Tuesday, April 30, 2013

Poet of the week: Hana Aw-Dahir


Would you please introduce yourself to the readers?

Salaam, fellow poetry lovers! Hope you are all doing splendid. My name is Hana Aw-Dahir and I was born in Mogadishu, Somalia but raised in Canada, Alhamdulillah. I feel I am dimensionally different and try to live in a manner where attaining knowledge and life experience is my inspiration for poetry. At the end of the day, I am human being with great faults and even greater attributes.

When did you first start writing poetry and was there any particular incidents in your life that inspired you to write?

I started writing poetry at the age of 18 and the first poem I ever wrote was for my high school graduation ceremony. I was part of the committee and was asked to write a speech for the evening festivities. I wrote a poem instead called Eclipse and it’s a short poem describing how time is ever so fleeting in the midst of moments. I still remember that day and poem fondly.

What does "being creative" mean to you?

Being creative is forgoing all restrictions and expressing yourself in a manner that transmits the message within your soul. It is something that is unique to all of us but few exercise that ability. What hinders our ability to be creative can be a fear of judgement, inner self doubt or that feeling of being exposed. I love to share my work because it allows me to illuminate on all the injustices, cruelty, and poverty that is sometimes not displayed within the media. Being creative allows me to get outside the box while sharing my findings with others, so they can do the same. Creativity is a fun process no matter how you choose to share.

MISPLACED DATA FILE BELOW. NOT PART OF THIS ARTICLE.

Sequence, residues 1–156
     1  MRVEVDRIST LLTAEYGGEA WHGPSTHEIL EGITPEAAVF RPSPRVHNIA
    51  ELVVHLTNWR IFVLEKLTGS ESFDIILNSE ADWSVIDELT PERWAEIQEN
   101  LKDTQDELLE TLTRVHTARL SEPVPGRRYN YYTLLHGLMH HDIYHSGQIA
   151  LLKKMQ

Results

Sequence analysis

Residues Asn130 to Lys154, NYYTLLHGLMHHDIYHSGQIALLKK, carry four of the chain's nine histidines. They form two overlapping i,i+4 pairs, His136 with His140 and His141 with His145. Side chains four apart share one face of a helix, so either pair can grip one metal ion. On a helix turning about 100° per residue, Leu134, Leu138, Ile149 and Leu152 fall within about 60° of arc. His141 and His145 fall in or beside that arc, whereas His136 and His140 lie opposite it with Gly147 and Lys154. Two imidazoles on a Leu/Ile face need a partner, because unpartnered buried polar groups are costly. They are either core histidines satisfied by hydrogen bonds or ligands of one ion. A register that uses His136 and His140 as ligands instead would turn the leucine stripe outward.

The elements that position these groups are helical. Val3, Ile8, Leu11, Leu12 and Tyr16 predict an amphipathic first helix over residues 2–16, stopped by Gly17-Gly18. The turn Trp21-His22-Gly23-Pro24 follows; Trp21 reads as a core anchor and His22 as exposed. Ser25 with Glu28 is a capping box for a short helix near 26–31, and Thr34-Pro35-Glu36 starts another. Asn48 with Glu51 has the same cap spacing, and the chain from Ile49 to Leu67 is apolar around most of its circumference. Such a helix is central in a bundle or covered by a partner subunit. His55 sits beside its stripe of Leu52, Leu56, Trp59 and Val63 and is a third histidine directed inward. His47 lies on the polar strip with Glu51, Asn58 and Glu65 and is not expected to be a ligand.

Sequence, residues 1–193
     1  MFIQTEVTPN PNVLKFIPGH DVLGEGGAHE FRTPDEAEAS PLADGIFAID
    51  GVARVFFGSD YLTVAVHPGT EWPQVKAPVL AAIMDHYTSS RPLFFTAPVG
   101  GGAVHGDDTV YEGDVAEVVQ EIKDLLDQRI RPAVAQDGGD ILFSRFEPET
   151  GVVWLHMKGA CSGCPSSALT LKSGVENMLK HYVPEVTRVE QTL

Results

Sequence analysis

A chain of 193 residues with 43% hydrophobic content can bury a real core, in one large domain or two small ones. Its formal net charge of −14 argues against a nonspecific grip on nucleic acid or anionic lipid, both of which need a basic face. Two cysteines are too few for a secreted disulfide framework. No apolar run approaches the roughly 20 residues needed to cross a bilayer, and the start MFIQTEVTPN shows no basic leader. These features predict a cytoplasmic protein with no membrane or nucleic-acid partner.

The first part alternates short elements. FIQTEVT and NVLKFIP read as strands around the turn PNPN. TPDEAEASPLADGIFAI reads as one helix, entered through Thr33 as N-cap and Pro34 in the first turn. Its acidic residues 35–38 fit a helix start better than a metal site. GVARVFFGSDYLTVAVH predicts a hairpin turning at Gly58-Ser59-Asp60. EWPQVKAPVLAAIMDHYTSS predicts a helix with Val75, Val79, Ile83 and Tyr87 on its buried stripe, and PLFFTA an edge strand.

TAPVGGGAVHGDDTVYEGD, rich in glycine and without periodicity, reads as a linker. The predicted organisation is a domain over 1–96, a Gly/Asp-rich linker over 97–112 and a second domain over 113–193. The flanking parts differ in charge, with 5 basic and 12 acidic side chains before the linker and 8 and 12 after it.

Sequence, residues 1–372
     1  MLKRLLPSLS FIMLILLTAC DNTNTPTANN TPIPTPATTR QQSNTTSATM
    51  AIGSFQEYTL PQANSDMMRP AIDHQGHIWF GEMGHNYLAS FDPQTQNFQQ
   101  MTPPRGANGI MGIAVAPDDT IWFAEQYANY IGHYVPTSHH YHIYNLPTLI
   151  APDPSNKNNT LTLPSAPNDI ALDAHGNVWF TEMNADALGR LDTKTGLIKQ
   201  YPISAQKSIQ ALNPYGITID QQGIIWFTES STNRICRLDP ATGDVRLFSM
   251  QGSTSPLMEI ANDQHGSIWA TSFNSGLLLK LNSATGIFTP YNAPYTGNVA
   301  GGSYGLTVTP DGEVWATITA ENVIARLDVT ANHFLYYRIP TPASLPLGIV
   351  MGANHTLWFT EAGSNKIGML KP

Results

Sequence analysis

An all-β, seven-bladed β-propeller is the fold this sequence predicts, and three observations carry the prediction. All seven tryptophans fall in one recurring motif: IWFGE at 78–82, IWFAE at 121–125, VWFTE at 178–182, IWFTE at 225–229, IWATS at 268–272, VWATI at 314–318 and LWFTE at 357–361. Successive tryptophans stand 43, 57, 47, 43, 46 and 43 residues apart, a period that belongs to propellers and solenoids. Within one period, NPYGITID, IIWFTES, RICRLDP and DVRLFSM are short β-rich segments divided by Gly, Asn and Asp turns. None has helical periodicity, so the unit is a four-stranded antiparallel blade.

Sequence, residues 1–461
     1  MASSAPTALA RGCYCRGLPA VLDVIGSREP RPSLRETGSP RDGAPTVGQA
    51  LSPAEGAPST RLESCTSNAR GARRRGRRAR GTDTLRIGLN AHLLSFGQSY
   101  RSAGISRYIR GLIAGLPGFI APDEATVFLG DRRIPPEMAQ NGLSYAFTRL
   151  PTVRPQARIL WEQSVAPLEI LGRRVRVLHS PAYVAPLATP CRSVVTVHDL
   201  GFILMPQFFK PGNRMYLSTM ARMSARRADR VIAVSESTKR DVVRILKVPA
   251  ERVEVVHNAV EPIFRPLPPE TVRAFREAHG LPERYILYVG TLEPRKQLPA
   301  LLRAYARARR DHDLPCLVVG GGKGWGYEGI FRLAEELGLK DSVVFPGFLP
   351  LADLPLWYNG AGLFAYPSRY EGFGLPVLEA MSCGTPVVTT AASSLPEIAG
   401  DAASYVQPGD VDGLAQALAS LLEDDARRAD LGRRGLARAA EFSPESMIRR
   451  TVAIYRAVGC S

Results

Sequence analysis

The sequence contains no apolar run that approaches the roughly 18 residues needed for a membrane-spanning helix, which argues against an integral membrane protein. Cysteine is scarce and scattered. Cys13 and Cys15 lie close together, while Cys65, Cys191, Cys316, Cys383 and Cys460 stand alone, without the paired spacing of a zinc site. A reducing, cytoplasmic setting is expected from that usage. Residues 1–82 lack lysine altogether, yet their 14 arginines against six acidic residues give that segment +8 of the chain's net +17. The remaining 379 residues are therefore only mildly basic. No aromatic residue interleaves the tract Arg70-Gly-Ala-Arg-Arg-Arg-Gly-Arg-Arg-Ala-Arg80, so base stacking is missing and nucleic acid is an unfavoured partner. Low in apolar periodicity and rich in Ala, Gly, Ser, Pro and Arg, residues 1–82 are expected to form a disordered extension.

As well, I try to keep in mind when I write this magnificent Islamic quote, “Whoever among you sees an evil action, then let him change it with his hand [by taking action]; if he cannot, then with his tongue [by speaking out]; and if he cannot, then with his heart – and that is the weakest of faith.”[Muslim] As long as I write, I will continue to uphold this message of making a change if I am unable to so by hand, In Sha Allah.

What do you try to communicate with your poetry?

What I try to convey through my poetry is images of struggles, hurt and resilience, which are the human condition. I don’t force myself to write; rather I try to let a moment or a feeling engulf me while regurgitating the message to paper. Anything can inspire me but lately the reoccurring theme within my poetry is hope. What I mean is, everything can crumble around us but if we have faith in Allah (God), there is hope for change even in the bleakest situations, if we believe. Also, I feel I need to be a freedom writer and talk about the struggles of Somalia, Africa, and Canada to bridge the gaps of humanity. Even though so many things divide us, more things unite us as creations of the creator. So, I try to convey that in a story style type of poetry which is in line with my ancestry. 


What do you do when you go into a dry spell of some sort or how do you write another piece when you have been away from it for some time?

I usually don’t have dry spells because there is always something to talk about. Once life ends for me, I will stop writing poetry because there will not be a need after death. What helps me write is “doing the different” as I like to call it. It means constantly doing something apart from the norm. This could include: attending an unusual event, reading a random book or conversing with someone new while waiting for a bus. Always being open to life, new experiences and seeing beauty of simplicity of things, allows me to constantly find something to write about. Also, I find some poems need to marinate meaning you start but finish at a later time. I find those poems are usually written better and with a clearer message. Regardless, writing puts me into a great mood, Alhamdulillah.